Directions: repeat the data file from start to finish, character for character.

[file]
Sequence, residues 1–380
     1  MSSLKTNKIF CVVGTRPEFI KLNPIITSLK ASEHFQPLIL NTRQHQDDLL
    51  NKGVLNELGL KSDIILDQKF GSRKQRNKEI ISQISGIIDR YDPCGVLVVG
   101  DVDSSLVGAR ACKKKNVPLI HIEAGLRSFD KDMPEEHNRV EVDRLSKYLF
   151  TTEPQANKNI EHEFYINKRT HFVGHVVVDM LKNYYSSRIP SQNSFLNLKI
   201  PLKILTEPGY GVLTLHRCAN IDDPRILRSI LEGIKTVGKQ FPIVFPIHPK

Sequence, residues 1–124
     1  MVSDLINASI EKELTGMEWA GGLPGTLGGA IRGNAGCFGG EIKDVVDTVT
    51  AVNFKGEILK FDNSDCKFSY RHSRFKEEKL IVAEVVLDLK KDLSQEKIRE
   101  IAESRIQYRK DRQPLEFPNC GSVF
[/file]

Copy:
Sequence, residues 1–380
     1  MSSLKTNKIF CVVGTRPEFI KLNPIITSLK ASEHFQPLIL NTRQHQDDLL
    51  NKGVLNELGL KSDIILDQKF GSRKQRNKEI ISQISGIIDR YDPCGVLVVG
   101  DVDSSLVGAR ACKKKNVPLI HIEAGLRSFD KDMPEEHNRV EVDRLSKYLF
   151  TTEPQANKNI EHEFYINKRT HFVGHVVVDM LKNYYSSRIP SQNSFLNLKI
   201  PLKILTEPGY GVLTLHRCAN IDDPRILRSI LEGIKTVGKQ FPIVFPIHPK

Sequence, residues 1–124
     1  MVSDLINASI EKELTGMEWA GGLPGTLGGA IRGNAGCFGG EIKDVVDTVT
    51  AVNFKGEILK FDNSDCKFSY RHSRFKEEKL IVAEVVLDLK KDLSQEKIRE
   101  IAESRIQYRK DRQPLEFPNC GSVF